Instagram is not the place we should be looking to for moral cues. This is hardly a controversial or surprising opinion, but it is one Dr Richard Theile felt necessary to spell out, and in no lesser publication than the Australasian Journal of Plastic Surgery.
In an eyebrow-raising opinion piece revealed in The Sun-Herald today, the chair of the Australian Society of Plastic Surgeons’ ethics committee accused some of his fellow practitioners of behaving more like social media influencers than medical professionals. At worst, they were "driven by greed and ego where the patient becomes a commodity".
Peddling images that influence prospective clients opens up an ethical quagmire.Credit:Shutterstock
There has been a rise in surgeons sharing sexualised images on social media and live-streaming medical procedures, even speaking openly about following the likes of Kylie Jenner to stay up to date with the latest trends.
Tailoring surgeries to match a patient’s desires has long been part of the trade, and there is no doubt many patients are walking around today with their heads held high having benefited from the boost in confidence cosmetic alterations can provide.
However, peddling images that influence prospective clients opens up an ethical quagmire, particularly as it has never been easier for plastic surgeons to advertise their wares.
Most of us would not want our surgeon on Snapchat while we go under the knife, but there is a large enough minority who would – and enough doctors apparently happy to do so – that action is being taken.
Dr Theile says there is a real risk of harm to patients, and to combat this trend the Society has laid out some foundations for a new code of conduct. The ethical concerns are myriad, and it is encouraging to see the plastic surgeons’ body grappling with them.
Dr Theile’s concern is, rightly, for the most vulnerable and easily influenced, as they would make the most obvious targets for the unscrupulous in his profession. But there are reasons for us all to worry.
Plastic surgeons are hardly the only ones posting images to the echo chambers of social media and the vast reaches of the internet. Unrealistic beauty standards are everywhere, and, being exposed to more images on more screens than ever, even the thickest-skinned among us will feel some pressure to conform to society’s norms. For some, the response will be to actively reject those standards, while others may react in ways they could come to regret purely out of wanting to keep up with the latest fashion or an attempt to please a crowd.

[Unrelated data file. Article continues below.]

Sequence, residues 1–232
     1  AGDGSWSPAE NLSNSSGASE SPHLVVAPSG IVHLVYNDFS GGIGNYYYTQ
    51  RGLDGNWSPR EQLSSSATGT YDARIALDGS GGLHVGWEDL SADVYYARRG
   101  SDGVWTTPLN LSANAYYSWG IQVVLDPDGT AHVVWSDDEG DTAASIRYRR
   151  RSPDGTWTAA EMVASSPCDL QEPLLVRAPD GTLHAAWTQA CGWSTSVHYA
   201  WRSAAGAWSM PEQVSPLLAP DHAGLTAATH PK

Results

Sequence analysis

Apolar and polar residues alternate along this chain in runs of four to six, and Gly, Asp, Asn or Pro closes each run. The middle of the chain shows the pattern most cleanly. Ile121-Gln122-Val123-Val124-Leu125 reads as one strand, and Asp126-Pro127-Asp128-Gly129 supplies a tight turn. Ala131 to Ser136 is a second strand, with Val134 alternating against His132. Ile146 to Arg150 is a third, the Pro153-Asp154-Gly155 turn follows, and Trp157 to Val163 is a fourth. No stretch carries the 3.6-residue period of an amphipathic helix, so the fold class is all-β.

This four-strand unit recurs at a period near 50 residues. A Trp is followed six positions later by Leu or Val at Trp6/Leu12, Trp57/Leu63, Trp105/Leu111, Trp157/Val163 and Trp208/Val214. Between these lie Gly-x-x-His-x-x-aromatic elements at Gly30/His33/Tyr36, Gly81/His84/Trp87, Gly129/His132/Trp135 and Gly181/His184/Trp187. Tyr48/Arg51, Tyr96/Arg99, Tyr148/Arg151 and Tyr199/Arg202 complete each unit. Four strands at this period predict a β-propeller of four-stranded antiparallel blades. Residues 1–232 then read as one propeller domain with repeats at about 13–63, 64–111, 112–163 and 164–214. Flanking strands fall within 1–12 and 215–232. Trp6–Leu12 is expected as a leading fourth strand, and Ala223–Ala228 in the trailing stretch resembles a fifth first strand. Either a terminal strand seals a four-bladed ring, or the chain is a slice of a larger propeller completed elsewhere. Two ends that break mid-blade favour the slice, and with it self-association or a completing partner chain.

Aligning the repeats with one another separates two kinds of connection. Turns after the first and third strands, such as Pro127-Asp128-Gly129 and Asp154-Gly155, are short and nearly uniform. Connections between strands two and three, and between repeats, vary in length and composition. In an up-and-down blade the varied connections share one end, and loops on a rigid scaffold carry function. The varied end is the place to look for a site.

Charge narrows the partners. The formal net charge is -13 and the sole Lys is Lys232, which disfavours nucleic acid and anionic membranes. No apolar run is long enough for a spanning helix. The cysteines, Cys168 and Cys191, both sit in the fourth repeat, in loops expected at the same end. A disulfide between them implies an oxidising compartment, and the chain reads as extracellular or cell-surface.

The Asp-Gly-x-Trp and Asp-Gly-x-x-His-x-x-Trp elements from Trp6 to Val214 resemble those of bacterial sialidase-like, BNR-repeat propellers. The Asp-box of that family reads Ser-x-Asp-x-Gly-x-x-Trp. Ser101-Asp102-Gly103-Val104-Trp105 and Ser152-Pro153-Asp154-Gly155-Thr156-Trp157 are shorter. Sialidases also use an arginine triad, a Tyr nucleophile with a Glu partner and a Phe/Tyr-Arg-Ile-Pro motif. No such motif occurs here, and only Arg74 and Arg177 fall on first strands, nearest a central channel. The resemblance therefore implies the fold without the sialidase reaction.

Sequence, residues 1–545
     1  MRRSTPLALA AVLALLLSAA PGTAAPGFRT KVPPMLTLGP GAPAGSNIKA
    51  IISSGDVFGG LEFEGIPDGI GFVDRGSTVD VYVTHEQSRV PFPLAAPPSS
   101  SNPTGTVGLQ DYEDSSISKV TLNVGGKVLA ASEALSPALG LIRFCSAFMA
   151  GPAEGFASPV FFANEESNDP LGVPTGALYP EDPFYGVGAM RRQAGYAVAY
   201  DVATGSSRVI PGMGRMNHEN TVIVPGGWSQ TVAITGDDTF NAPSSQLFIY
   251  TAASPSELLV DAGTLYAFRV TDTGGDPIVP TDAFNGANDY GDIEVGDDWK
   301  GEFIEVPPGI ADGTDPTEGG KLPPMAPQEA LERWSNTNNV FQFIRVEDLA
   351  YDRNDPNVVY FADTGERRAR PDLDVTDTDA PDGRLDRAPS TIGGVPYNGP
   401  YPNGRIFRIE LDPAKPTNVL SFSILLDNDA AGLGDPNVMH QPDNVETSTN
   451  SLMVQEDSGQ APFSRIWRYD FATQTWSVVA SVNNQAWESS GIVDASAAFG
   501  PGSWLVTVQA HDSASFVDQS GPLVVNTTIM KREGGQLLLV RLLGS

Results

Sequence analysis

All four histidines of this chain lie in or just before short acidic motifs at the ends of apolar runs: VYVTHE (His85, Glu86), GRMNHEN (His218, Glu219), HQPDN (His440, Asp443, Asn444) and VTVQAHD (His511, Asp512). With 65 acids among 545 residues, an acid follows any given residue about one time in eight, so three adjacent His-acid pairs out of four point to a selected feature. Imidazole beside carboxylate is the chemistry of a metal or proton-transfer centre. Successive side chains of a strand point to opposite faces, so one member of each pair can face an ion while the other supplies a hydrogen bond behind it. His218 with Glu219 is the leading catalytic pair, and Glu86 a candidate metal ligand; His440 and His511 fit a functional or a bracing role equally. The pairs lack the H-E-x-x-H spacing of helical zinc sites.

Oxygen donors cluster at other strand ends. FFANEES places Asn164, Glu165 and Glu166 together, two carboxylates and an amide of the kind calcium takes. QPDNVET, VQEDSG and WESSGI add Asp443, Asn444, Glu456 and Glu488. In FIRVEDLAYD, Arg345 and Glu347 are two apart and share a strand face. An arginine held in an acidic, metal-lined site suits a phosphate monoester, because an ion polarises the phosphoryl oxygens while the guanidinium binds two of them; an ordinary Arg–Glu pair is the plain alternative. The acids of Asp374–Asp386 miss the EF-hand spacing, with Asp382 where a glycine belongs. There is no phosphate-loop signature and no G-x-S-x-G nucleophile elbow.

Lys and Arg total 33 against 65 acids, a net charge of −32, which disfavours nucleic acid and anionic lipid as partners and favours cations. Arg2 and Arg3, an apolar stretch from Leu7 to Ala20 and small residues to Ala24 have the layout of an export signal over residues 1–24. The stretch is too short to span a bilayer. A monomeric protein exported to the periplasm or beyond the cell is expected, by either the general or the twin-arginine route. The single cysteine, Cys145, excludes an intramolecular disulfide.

There is more to self-worth than appearance, of course, but where the internet can reinforce positive beliefs, it can also reflect and distort negative sentiments out of all proportion. People can be belittled and attacked online for everything from how many freckles they have to whether or not they enjoyed the latest superhero film. How a victim of these attacks reacts will vary, but some will take it deeply personally and there can be lasting consequences.
Researchers just last week released a major study showing the "Instagramification" of society was damaging real-life interactions, reducing attention spans and adversely affecting memories. In the study published in World Psychiarty, research from institutions including Western Sydney University found time spent online could result in "acute and sustained" alterations to the brain. Particularly troubling was the potential for damage to children's and adolescent brains.
Science also tells us the phrase "screen time" should become a thing of the past, as it has become a way of life. Research also shows low moods and depression are the most commonly cited downsides of excessive screen time.
Social media and the internet are here to stay, as they are tools that keep the modern world connected, for family and work.
But the echo chambers of the internet and social media are not the places to find self-worth. For that, we need to turn away from the black mirrors in our pockets.
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